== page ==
Midterm review fee hikes ‘mock’ financial planning Midterm review fee hikes ‘mock’ financial planning

GCSE and A-level exam fees rise by up to 17% halfway through a term ‘ridicules’ financial planning, school and college leaders claim.

Edexcel, operated by Pearson, and OCR have increased fees for all 2023 exams by a flat rate of 6%. England’s largest review board, the AQA, has raised its prices by 5-17%, although it still has the lowest prices overall.

The councils, which will earn several million more from colleges after the hikes, say they have to cover higher costs. But executives say the increases are disappointing as schools and colleges grapple with soaring energy and staffing costs.

Chichester College Group, which has nine colleges and training providers, expects the hikes to cost an extra £300,000 this year on top of its ‘already sky-high’ group-wide costs of more than 3 £.3 million.

“Rising exam costs are another pressure on colleges across the country,” said chief executive Andrew Green.

“This increase comes at a time when colleges are facing skyrocketing energy bills, runaway inflation and severe underfunding. Colleges have faced more than a decade of savage cuts and rising costs, made worse by the pandemic.

“This money could have been used to help our staff by contributing to extra pay or funding the recruitment of more learning support assistants to provide support to our students.”

Luminate Education Group, which has seven colleges and training providers, expects the hikes to cost an additional £200,000 this year.

less than inflation

Gemma Simmons-Blench, Deputy General Manager of Program and Quality, said FE week this increase will have a “ripple effect, because our budgets are established well in advance”.

“At a time when the EF sector is facing increasing financial pressure and the government is not clarifying its position on funding arrangements, rising prices mean we will need to take a closer look at our budgets to ensure that [financial] the goals are achieved,” she said.

“Rewarding organizations have said the increase is less than inflation. While this may be the case, the increase far exceeds the increase in funding, and we urge review boards to reconsider their position on this.

E-ACT, which has 13 secondary schools, expects the hikes to cost an additional £180,000. Tom Campbell, its acting chief executive, said another “unfunded cost increase” was making it “increasingly difficult to do anything resembling thoughtful financial planning”.

“This risks causing confusion among accountants and boards, making it impossible to deliver the budgets agreed with the Education and Skills Funding Agency at the start of the year.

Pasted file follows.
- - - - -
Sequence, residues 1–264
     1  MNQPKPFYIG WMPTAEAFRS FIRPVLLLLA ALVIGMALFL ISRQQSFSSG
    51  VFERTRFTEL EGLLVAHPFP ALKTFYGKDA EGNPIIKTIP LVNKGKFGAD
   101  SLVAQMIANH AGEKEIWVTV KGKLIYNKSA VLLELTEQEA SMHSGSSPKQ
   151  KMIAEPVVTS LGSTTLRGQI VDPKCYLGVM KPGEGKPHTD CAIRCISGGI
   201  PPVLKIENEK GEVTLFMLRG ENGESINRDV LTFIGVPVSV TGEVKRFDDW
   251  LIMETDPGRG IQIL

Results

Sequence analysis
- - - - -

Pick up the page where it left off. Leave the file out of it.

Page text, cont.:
“In-year cost changes like these make a mockery of funding agreements and the annual budgeting cycle.”

An NCG spokesperson confirmed with FE week that even a 5% increase in fees would increase their costs by around £200,000 a year.

“This is at a time when colleges across the country, and the hard-working staff within them, are facing tremendous funding pressures. However, we have a very positive relationship with all of our award organizations and are keen to work closely with them to better understand and highlight the impact any changes can have on the colleges in our group.

Science continues to progress

Frustration over fees grew last year after FE weeksister publication of School week revealed that councils were raising prices, despite canceled exams and grades set by teachers.

The AQA has increased prices for A-level artwork by 17% from £89.65 to £105.10. Other subjects increased by 5 to 12%. The nonprofit said increases for most of its qualifications were “well below inflation”, currently at 9.9%.

The above inflation increases were to ‘better reflect the market and the true costs of delivering these qualifications’.

A-level Biology, Chemistry and Physics fees rose by 10%, while GCSE Geography and Art rose by 12%. A maths GCSE now costs £41.20, down from £39.15 previously.

AQA could earn a further £4.9million if entry rates remain the same as this summer. Tracey Newman, Board Customer and Sales Director, said: “As an independent charity, we do not charge more than necessary for our qualifications and services, and we have maintained the increases in entry fees well below the rate of inflation for most of our qualifications.

Sufficient warning needed

Ofqual’s terms say boards should publish fees ‘sufficiently in advance’ of exams to ‘meet the reasonable scheduling requirements’ of schools and colleges.

All three councils have released fees over the past two months – OCR and Edexcel in September and AQA last Friday – but schools and colleges have set budgets months in advance.

A maths GCSE with Edexcel now costs £46.80, up from £44 last year.

A spokesperson said he recognized schools’ budgets were “stretched” and “we will always strive to keep fee increases to a minimum while providing the best possible value for money”.

Similarly, OCR, a not-for-profit owned by Cambridge University Press & Assessment, is increasing its fees by 6%. A maths GCSE now costs £47, down from £44.25 previously.

An OCR spokesperson said it aimed to keep fee increases “as low as possible”.